• It has raised social spending, specifically for poor rural families with children.
  • It portrays its domestic opponents as corrupt elites fighting to preserve their influence.
  • It portrays its European critics as fanatical multiculturalists and militant secularists who are so obsessed with political correctness they have lost all sense of self-preservation. Read more “How Law and Justice Stays Popular in Poland”

Catalans, Kurds, Given No Other Choice, Announce Referendums

Catalans demonstrate for independence from Spain in Girona, October 1, 2014
Catalans demonstrate for independence from Spain in Girona, October 1, 2014 (Ariet/Carles Palacio)

Both the Catalans and Iraq’s Kurds have announced independence referendums this week over the objections of their central governments.

The two might seem a world away. Catalans have virtually no security concerns. The Kurds are waging a war on two fronts: one against Turkey to the north and another against the self-proclaimed Islamic State to the south.

Yet they have things in common. Read more “Catalans, Kurds, Given No Other Choice, Announce Referendums”

National Front Has Most to Gain from Becoming Conservative

Marine Le Pen, the leader of France's National Front, listens to a news conference in Brussels, June 16, 2015
Marine Le Pen, the leader of France’s National Front, listens to a news conference in Brussels, June 16, 2015 (European Parliament)

France’s National Front will have to reinvent itself after a disappointing election result on Sunday.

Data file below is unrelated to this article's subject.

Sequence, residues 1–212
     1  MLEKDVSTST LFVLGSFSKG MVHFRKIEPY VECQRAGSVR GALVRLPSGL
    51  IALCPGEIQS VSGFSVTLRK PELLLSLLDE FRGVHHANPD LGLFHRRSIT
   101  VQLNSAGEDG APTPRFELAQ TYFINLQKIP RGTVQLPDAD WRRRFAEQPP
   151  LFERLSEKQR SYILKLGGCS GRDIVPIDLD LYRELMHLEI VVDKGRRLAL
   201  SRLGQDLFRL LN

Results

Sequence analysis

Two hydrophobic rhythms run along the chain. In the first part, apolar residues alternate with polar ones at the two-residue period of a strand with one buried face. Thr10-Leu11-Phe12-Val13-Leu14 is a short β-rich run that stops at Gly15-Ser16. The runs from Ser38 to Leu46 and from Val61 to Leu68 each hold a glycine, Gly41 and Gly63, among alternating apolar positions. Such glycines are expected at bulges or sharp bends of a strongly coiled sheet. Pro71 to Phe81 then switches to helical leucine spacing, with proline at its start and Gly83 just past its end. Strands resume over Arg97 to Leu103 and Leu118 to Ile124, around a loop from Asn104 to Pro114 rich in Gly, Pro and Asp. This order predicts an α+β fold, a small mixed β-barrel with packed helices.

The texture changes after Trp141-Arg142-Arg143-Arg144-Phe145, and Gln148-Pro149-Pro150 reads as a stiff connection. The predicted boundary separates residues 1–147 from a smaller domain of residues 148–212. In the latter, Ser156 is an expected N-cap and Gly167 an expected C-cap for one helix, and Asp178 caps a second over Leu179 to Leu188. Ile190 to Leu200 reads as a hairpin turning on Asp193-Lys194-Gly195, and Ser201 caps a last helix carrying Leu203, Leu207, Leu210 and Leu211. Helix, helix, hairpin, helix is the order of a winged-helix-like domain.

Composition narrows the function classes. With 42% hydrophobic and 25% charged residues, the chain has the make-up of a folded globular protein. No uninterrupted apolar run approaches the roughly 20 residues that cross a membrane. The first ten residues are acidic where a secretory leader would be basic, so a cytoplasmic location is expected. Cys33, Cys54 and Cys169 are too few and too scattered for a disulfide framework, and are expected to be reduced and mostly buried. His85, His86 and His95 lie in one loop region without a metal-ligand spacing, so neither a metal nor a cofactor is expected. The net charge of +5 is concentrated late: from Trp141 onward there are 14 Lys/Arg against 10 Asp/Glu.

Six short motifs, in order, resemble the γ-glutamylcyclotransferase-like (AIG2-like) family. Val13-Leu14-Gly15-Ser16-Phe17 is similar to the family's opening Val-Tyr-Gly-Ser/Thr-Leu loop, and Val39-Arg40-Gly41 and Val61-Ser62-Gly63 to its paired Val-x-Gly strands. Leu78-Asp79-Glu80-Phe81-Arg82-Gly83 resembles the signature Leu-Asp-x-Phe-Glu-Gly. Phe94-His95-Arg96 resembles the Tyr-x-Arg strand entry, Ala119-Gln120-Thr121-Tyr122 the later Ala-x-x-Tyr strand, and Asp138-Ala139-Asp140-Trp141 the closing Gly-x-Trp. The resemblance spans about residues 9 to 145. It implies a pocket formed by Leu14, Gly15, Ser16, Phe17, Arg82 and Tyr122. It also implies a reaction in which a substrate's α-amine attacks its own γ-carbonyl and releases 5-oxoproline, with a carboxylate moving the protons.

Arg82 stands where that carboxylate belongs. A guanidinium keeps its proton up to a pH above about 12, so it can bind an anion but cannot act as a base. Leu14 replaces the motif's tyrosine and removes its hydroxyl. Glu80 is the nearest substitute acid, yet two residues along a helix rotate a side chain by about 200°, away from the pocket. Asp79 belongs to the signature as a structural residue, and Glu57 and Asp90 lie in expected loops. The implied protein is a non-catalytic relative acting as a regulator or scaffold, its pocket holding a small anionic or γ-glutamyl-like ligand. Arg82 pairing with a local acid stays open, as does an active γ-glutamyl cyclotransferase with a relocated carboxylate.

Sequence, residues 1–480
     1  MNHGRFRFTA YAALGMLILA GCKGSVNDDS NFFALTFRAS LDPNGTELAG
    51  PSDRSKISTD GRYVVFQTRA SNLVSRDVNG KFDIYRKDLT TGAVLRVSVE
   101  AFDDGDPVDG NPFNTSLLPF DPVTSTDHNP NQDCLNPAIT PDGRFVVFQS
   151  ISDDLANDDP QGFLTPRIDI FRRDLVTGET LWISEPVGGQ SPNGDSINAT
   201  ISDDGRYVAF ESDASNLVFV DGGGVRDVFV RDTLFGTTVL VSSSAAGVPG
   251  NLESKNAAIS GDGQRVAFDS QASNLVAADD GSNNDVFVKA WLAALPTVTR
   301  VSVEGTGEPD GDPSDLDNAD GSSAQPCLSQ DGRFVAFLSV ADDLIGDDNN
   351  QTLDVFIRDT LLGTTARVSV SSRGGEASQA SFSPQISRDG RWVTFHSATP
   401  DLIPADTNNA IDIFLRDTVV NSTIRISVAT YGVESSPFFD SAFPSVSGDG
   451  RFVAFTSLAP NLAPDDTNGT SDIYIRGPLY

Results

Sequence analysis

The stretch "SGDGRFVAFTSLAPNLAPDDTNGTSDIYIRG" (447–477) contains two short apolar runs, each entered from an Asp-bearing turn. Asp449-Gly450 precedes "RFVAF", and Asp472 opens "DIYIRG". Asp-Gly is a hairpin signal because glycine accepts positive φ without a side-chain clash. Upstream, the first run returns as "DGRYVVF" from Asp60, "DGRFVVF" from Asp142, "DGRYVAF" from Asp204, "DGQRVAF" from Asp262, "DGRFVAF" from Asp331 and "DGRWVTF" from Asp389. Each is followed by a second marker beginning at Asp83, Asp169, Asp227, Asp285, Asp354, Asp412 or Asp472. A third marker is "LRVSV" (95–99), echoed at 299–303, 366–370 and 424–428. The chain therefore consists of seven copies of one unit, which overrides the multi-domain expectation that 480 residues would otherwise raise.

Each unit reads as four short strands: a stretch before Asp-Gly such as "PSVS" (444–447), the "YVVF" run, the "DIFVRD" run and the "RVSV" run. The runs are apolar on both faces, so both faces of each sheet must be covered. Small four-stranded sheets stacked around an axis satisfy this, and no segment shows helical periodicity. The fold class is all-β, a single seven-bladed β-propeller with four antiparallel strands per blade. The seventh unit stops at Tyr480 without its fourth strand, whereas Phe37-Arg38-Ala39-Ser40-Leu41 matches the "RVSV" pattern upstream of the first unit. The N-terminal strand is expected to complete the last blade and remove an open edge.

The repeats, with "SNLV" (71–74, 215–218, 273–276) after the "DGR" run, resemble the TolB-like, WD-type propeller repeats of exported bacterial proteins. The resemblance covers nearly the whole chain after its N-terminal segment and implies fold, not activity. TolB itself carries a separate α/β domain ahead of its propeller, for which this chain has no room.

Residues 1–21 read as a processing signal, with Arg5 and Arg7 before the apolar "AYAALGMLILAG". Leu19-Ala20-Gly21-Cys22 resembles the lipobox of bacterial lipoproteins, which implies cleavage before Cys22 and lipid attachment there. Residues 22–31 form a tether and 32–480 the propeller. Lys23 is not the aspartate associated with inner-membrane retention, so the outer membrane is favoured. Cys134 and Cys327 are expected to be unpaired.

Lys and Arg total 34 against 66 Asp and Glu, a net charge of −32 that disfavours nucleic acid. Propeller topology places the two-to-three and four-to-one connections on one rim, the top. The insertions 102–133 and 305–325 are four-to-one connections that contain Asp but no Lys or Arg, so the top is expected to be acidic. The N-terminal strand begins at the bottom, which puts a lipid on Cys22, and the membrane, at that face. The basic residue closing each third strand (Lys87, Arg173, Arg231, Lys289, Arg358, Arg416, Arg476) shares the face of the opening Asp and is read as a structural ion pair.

The nationalists were hoping to get 40 percent support or more in the presidential runoff, but Marine Le Pen got stuck at 34 percent. Still double her father’s performance when he qualified for the second voting round in 2002, but a letdown nonetheless.

In her concession speech, Le Pen promised voters “profound reform” of her party in order to create “a new political force” for all French “patriots” who oppose the globalism of Emmanuel Macron, the incoming president.

Whether this means starting a new party or rebranding the National Front remains to be seen, but change is in the air. With it could come a struggle for the movement’s identity. Read more “National Front Has Most to Gain from Becoming Conservative”

The Forces Shaping the French Election: Populism, Pride and Prejudice

Elysée Palace Paris France
The gate of the Elysée Palace, the residence of the French president, in Paris, June 1, 2013 (Nicolas Nova)

And why is it so critical? Nothing less than the European Union is at stake — and with it, the geopolitical contract that has bound Germany and France together since World War II.

After the defeat of anti-Islam populist Geert Wilders early this month in the Netherlands, it is reasonable to ask if populism as shaped by the alt-right has hit its limit. Europeans have watched the confusion in Britain over Brexit and the rise of Donald Trump. Now they are revisiting both their Euroskepticism and their willingness to gamble on ideologies not yet fully tested.

Yet France is subject to powerful forces quite different than the Netherlands, which has only a fraction of its population and international obligations. A large, unassimilated Muslim and African population simmers; an aging, conservative voter base roils; a discredited, weakened left wavers; and nobody knows what to do with the neoliberal threads that hold together the European Union yet impoverish just about anyone not in the upper classes. Read more “The Forces Shaping the French Election: Populism, Pride and Prejudice”